I would want to hear the conversation on which she was overheard reflecting before I formed an opinion.

Not even the unfortunate echo of Gordon Brown’s private comment that wasn’t, while Prime Minister in 2010, however, trumps the second half of Glass’s faux pas, in which she revealed that her indignation was such that, “I’m never coming back to wherever this is.”

“This”, it turns out, was the village of Sawley, in south-east Derbyshire; the birthplace (unless Wikipedia is seriously losing the plot) of Halle Berry’s maternal grandmother. If its current residents lament Ms Glass’s dismissive tone, they can be assured that anyone else learning of this episode will share their exasperation, whether it’s Totnes or Tadcaster that he calls home.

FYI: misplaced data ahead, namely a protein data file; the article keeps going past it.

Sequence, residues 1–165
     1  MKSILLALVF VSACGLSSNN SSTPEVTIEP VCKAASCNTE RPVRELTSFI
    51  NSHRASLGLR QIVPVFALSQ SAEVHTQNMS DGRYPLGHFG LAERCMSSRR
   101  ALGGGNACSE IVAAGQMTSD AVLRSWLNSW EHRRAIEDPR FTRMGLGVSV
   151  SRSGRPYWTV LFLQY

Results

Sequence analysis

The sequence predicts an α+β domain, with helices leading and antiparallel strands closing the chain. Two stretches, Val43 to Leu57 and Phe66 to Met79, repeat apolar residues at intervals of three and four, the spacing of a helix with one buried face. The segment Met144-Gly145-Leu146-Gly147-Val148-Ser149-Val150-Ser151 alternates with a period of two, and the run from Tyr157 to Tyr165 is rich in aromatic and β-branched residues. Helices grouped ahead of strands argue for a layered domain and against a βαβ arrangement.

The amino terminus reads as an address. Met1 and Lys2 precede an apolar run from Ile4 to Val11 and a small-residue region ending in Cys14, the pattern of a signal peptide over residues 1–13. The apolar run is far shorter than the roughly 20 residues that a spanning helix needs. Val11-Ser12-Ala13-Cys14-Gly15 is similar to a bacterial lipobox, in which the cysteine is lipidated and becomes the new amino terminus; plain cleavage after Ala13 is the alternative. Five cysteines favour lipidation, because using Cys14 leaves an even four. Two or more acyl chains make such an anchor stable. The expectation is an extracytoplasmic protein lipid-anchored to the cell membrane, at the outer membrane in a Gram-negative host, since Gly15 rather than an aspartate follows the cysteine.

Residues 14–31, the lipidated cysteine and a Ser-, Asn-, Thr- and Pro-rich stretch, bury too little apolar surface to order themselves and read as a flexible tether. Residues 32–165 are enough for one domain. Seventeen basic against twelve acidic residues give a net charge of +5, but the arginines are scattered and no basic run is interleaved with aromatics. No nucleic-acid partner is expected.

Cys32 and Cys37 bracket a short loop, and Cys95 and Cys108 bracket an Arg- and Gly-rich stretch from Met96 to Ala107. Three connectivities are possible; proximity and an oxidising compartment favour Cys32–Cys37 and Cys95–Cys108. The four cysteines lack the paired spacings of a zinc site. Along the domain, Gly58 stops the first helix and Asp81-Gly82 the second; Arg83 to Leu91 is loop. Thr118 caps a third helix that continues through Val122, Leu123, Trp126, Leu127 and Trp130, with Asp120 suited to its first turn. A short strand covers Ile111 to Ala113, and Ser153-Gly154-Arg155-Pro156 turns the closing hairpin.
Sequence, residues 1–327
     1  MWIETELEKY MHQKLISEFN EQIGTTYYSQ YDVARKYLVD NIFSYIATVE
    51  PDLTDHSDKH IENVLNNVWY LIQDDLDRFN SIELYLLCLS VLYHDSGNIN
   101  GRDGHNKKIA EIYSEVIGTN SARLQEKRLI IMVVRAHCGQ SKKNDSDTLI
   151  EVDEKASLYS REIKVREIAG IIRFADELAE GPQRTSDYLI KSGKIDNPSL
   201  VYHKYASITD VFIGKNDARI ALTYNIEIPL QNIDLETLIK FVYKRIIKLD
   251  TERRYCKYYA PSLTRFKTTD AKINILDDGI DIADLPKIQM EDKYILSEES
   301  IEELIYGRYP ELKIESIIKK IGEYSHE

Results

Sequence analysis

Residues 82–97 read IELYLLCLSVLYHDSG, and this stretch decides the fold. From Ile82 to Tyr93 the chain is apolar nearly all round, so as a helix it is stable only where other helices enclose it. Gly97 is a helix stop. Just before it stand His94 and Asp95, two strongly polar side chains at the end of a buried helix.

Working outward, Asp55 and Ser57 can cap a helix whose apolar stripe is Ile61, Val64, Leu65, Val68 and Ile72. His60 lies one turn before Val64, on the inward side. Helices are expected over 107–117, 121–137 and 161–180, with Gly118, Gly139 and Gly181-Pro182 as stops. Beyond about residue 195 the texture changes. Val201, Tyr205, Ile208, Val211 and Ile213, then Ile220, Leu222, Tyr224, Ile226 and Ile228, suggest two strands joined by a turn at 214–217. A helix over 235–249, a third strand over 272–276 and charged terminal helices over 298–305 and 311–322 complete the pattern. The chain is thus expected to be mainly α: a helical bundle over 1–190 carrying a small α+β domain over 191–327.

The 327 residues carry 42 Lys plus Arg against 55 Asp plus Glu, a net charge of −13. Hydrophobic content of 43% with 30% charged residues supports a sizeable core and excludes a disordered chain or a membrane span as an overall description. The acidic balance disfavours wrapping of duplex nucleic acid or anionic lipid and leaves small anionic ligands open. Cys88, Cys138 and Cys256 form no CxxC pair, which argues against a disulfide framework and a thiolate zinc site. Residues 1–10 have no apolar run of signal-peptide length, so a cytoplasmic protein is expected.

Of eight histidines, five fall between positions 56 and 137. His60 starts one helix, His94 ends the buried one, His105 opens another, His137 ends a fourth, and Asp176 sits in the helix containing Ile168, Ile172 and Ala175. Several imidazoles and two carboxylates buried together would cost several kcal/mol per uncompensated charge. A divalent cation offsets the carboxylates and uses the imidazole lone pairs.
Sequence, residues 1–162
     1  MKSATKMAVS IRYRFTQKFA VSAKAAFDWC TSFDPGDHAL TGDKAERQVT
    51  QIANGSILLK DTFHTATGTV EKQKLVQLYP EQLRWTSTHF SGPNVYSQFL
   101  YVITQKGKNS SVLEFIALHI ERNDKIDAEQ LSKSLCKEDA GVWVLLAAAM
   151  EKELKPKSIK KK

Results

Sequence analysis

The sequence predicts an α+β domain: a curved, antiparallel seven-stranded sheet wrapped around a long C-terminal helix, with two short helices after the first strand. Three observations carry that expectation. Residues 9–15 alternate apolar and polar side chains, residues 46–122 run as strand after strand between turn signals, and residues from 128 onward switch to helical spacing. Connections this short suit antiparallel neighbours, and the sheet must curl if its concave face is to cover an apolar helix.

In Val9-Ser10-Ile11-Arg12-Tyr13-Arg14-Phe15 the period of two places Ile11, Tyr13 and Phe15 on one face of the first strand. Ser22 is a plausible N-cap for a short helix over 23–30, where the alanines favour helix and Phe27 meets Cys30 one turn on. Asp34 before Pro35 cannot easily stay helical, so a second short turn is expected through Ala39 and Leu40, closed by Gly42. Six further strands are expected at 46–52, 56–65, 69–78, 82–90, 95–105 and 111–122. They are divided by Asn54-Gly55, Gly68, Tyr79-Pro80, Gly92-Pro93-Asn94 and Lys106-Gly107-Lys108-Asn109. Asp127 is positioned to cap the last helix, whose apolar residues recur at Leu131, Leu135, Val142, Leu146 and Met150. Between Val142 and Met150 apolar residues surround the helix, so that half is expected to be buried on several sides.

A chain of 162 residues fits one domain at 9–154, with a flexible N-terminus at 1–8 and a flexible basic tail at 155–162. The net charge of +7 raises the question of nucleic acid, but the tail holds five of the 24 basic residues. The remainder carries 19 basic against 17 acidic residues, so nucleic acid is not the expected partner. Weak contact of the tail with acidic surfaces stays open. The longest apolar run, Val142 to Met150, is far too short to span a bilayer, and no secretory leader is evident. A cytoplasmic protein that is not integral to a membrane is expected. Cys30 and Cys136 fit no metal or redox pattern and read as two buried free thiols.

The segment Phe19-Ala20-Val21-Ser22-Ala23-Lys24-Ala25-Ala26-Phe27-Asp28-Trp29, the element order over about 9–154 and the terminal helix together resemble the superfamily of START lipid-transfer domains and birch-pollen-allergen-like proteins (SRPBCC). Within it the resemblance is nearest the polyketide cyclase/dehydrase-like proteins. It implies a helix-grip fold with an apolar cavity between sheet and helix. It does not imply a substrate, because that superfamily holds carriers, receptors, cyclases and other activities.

For all their professed concern for us, we are just voting fodder in the eyes of our elected representatives, particularly those who have begun to set sail up the Westminster career ladder. Just numbers in a poll, segments on a chart.

If their presence on our doorstep only at election time, or Gordon Brown’s pathetic hypocrisy six years ago, hasn’t made this penny drop for you so far, the blasé Pat Glass will surely help the process along.